Tag Archives: FinCEN

Treasury Takes Robust Actions to Counter Ransomware

As part of the whole-of-government effort to counter ransomware, the U.S. Department of the Treasury today announced a set of actions focused on disrupting criminal networks and virtual currency exchanges responsible for laundering ransoms, encouraging improved cyber security across the private sector, and increasing incident and ransomware payment reporting to U.S. government agencies, including both Treasury and law enforcement. Treasury’s actions today advance the United States government’s broader counter-ransomware strategy, which emphasizes the need for a collaborative approach to counter ransomware attacks, including partnership between the public and private sector and close relationships with international partners.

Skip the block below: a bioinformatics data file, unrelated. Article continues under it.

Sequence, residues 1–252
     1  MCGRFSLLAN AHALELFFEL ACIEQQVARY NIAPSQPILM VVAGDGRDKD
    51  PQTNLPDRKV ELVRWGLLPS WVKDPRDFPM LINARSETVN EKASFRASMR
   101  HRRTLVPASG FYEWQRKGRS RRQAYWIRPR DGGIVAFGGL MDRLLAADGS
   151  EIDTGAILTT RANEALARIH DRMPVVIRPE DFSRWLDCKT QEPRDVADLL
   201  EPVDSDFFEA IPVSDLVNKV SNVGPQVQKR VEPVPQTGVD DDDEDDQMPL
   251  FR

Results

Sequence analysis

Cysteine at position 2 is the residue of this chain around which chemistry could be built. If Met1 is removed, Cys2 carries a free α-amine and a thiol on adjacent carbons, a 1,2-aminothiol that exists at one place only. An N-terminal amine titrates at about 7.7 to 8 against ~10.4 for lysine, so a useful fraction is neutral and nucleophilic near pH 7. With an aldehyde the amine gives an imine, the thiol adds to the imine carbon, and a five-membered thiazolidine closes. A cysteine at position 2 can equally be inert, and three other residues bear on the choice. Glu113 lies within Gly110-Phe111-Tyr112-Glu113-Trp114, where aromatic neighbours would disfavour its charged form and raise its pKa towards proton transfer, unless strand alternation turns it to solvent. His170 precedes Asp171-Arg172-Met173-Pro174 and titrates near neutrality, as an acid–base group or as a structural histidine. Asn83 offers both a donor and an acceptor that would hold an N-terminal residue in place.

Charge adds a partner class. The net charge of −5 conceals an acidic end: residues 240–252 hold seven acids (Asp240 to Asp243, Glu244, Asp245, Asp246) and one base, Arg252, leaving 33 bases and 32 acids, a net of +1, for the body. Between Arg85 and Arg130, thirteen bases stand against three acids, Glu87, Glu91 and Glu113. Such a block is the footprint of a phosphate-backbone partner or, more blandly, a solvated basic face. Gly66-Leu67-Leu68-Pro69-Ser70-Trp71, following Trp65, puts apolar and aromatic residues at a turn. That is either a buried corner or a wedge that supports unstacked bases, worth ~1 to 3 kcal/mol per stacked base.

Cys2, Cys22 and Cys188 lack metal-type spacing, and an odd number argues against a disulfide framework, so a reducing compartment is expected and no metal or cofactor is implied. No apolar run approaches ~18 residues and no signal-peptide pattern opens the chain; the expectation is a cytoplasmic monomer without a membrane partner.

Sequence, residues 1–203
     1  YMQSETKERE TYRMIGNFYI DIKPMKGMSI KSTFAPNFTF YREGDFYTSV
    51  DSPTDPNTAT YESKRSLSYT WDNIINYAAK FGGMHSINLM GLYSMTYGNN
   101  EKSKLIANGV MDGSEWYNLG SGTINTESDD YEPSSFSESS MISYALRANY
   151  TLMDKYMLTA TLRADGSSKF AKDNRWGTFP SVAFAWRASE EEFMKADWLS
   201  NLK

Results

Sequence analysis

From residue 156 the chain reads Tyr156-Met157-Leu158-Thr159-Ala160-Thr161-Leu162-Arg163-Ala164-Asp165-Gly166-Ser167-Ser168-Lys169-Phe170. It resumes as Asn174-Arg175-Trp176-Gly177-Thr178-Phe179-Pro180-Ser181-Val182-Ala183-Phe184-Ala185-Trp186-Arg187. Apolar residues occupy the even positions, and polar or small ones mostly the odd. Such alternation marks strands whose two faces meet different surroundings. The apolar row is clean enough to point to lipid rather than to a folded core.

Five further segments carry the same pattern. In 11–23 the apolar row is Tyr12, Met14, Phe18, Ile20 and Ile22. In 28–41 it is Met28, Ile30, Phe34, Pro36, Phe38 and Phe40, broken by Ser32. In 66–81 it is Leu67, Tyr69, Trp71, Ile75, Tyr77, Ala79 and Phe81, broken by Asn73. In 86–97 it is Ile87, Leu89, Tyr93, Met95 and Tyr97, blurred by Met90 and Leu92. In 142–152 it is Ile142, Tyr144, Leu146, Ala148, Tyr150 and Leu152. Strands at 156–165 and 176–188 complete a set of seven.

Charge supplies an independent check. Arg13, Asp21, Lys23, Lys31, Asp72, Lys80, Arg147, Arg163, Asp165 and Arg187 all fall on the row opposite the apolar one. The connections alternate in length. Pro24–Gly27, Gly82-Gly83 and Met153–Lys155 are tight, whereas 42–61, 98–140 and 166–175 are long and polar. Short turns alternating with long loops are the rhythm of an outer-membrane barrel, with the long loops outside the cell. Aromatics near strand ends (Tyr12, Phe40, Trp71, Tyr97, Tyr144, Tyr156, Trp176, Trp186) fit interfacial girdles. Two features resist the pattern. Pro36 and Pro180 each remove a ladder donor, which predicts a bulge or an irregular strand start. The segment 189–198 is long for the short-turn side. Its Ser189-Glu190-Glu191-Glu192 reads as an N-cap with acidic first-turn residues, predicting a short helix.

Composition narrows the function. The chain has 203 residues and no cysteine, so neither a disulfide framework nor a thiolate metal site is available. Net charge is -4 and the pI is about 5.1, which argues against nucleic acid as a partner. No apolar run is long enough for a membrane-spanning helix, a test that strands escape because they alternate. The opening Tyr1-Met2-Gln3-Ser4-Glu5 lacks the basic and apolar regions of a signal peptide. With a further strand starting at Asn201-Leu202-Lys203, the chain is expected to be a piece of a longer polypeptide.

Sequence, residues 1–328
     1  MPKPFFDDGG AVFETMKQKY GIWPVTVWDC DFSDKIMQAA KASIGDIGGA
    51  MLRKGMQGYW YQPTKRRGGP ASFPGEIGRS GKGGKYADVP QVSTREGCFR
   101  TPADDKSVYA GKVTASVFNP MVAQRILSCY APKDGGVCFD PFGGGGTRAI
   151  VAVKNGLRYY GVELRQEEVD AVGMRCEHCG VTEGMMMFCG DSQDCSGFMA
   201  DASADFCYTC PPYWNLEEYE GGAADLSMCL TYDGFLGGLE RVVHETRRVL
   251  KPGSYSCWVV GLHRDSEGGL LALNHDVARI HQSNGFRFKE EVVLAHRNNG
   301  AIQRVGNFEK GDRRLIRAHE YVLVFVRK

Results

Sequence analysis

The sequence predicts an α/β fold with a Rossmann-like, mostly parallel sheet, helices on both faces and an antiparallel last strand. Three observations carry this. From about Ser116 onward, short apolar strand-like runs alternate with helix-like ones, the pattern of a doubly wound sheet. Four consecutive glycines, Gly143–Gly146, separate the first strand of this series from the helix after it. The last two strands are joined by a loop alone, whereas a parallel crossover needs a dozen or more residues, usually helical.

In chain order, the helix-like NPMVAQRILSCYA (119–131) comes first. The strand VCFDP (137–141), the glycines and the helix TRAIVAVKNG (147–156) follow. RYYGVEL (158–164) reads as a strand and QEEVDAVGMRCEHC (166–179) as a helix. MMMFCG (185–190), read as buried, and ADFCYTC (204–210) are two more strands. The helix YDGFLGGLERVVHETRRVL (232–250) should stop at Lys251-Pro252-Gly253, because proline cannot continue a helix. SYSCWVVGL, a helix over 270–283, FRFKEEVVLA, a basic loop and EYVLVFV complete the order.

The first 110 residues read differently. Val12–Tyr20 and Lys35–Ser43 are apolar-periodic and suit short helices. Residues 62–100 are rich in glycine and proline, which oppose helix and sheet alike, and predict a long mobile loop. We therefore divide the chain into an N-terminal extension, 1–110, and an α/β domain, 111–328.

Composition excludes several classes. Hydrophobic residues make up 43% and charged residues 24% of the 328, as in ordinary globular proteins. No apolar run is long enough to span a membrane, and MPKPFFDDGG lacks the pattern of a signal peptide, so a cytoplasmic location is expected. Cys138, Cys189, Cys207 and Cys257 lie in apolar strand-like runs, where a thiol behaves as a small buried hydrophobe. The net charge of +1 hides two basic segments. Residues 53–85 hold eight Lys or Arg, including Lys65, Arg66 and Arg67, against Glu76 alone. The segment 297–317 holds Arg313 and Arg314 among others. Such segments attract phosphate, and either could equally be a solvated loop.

“Ransomware and cyber-attacks are victimizing businesses large and small across America and are a direct threat to our economy. We will continue to crack down on malicious actors,” said Treasury Secretary Janet L. Yellen. “As cyber criminals use increasingly sophisticated methods and technology, we are committed to using the full range of measures, to include sanctions and regulatory tools, to disrupt, deter, and prevent ransomware attacks.”